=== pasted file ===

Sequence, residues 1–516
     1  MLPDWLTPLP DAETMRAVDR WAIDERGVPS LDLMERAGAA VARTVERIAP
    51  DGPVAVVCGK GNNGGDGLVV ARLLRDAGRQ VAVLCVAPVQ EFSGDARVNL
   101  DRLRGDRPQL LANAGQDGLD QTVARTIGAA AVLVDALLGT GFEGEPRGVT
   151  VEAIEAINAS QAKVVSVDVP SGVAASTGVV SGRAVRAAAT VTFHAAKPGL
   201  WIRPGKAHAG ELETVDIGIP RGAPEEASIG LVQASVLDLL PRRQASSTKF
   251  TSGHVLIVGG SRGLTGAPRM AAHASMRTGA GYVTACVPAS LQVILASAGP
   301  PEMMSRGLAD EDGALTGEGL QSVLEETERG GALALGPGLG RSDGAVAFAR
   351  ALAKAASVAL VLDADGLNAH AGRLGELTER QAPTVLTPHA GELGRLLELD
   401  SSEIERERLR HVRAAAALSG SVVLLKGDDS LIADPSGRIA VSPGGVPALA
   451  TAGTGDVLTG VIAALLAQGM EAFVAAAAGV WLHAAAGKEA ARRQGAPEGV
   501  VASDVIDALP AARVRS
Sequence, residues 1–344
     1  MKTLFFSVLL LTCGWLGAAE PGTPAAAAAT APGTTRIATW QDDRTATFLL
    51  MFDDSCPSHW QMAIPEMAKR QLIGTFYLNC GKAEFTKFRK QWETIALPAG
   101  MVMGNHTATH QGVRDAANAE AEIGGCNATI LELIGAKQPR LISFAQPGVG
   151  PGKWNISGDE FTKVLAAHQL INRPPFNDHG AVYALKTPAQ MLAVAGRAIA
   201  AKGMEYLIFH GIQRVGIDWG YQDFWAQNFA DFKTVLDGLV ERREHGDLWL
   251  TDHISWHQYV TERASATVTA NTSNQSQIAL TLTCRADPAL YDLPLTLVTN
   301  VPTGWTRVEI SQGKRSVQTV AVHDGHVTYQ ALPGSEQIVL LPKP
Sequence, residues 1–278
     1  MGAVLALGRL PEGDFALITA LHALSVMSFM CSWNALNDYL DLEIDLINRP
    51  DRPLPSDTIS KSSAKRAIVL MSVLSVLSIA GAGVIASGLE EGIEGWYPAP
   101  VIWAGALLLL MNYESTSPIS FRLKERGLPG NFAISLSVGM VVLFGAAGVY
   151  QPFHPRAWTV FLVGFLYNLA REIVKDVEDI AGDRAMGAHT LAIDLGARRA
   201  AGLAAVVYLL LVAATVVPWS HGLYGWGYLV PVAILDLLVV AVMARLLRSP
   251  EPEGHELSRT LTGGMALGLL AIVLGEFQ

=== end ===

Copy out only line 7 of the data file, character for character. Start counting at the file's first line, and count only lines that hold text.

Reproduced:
   251  TSGHVLIVGG SRGLTGAPRM AAHASMRTGA GYVTACVPAS LQVILASAGP